4. The learned Subordinate Judge has come to the conclusion that the family was not separate and that the plaintiff Shib Singh is entitled to the estate. He has overruled the defendant's contention that there was any arrangement under which she was made the owner of any part of the property, and has also repelled her contention that she has been in possession of this property adversely against the plaintiff. The actual form in which the decree has been passed is:

It is declared that the plaintiff is the owner of the property in suit and the defendant is entitled to get maintenance from him.

5. It is obvious that the form of the decree given is not exactly what the plaintiff had asked for in the plaint.

6. The defendant has appealed from this decree and on her behalf the findings of the learned Subordinate Judge have been challenged.

7. A new point has been urged before us which does not appear to have been seriously pressed before the Court below but which, if accepted, would certainly strengthen the appellant's case, that the family was separate. It is said that Nahar Singh by conversion became a Mussalman and, therefore there was a break up in the joint status of the family. That such a result would follow as a matter of law is obvious from the case of Gobind Krishna Narain v. Khunni Lal 29 A. 487 : 4 A.L.J. 365 : A.W.N. (1807) : 151 and the pronouncement of their Lordships of the Privy Council in the case of Khunni Lal v. Gobind Krishna Narain 10 Ind. Cas. 477 : 33 A. 356 : 38 I.A. 87 : 15 C.W.N. 545 : 8 A.L.J. 552 : 13 C.L.J. 575 : 13 Bom. L.R. 427 : 10 M.L.T. 25 : (1911) 1 M.W.N. 432 : 21 M.L.J. 645 (P.C.). But, in our opinion, that fact is not at all proved.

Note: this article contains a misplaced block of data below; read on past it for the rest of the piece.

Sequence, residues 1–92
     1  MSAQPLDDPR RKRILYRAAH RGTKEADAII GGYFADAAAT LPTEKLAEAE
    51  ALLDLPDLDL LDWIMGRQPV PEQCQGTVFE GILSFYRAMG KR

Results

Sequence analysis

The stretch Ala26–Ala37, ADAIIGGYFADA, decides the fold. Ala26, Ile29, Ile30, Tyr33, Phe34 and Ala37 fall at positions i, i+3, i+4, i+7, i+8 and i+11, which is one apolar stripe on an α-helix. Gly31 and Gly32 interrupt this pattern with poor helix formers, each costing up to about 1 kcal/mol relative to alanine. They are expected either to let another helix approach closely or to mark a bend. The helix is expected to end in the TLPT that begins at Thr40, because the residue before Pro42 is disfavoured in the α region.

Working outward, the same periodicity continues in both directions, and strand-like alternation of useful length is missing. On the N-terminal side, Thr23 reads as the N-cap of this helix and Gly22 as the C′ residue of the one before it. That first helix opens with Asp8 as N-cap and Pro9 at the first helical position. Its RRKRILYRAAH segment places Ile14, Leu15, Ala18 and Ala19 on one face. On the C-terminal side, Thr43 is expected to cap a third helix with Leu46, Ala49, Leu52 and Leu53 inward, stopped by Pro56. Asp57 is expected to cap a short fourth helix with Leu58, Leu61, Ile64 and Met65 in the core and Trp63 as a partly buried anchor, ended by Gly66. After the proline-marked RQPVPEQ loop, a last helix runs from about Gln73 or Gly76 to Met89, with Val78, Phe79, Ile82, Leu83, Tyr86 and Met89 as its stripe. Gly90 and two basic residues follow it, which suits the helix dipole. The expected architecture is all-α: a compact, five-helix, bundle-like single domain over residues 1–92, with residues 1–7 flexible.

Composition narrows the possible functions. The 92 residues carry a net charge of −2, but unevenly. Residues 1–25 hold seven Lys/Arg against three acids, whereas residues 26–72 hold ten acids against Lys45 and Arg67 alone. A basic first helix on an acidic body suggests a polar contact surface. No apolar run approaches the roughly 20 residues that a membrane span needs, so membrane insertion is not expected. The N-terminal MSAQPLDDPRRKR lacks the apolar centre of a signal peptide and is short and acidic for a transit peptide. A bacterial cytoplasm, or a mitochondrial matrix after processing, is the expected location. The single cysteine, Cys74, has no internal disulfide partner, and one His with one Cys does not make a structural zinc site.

8. In the first place, this was not the position taken up clearly in the written statement. We think that if the defendant intended to urge before the Court that Nahar Singh had become a convert and that there was a disruption in the family ipso facto the point would have been put forward expressly in the grounds of appeal. No such question was put either to the plaintiff or to any of the witnesses who supported the jointness of Nahar Singh and Saheb Singh. The plaintiff's oral evidence was closed on 20th April, 1926, and on that very date an application was made for the examination on commission of a witness, Musammat Amat-ul-mannan, who was described as the daughter of Khalil-ur-Rahman and the interrogatories for whom suggested that her father had been Nahar Singh. This witness was examined on 21st April, 1926, and stated that she was the daughter of Khalil-ur-Rahman, whose former name had been Nahar aingh, that her father lived separately from Sahib Singh and that they were separate in mess though their property was joint. According to her, this Khalil-ur-Rahman died 15 or 18 years after the death of Saheb Singh, and Saheb. Singh must have died about 30 years ago. Another witness Chaman Lal somewhat corroborated the story told by Musammat Amat-ul-mannan, and stated that Nahar Singh had become a Mahomedan, that he actually saw him for the last time 18 or 19 years ago, and that he was separate from Saheb Siugh. In cross-examination this witness admitted that the first time he saw Nahar Singh was 18 or 19 years ago and before that he did not know him, nor did he see his possession over any property. His information as to this alleged conversion was apparently based on what he had been told by Balak Ram. There is no other evidence in support of this theory. We are unable to accept this story. It seems to us that this story was put forward at a late stage in the case and was apparently an afterthought. It has been made to look plausible because Nahar Singh died or disappeared a long time ago. It is also clear that Nahar Singh did not take away with him his son Chait Ram, nor did he get his share in the family property separated. On the other hand a khewat for 1867 (page 149) shows that Nahar Singh's minor son Chait Ram was entered as owner of a share under the guardianship of his grandfather Laoti Ram under an order dated 20th July, 1867. We, therefore, totally reject this story of conversion. There being a presumption of jointness under the Hindu Law, the burden, undoubtedly lay on the defendant to establish the actual separation in the family. Before the hearing commenced the learned Subordinate Judge took down the statements of the Pleaders for the defendant as to the time when this separation was alleged to have taken place, and the proceedings (pages 6 and 7) then recorded show that the Pleaders for the defendant stated that Laoti Ram, the common ancestor of the plaintiff and Babu Lal, deceased, died after 1867. Their families have been separate from the time of Saheb Singh and Nahar Singh. It cannot be stated when the partition took place. Nahar Singh so far as the defendant can say died before 1867. Loati Ram died about the year 1887. It cannot be said whether Nahar Singh died first or Laoti Ram died first. From this statement it is clear that the case of the defendant originally was that there was a separation in the family from the time of Saheb Singh and Nahar Singh and that the latter died about 1867.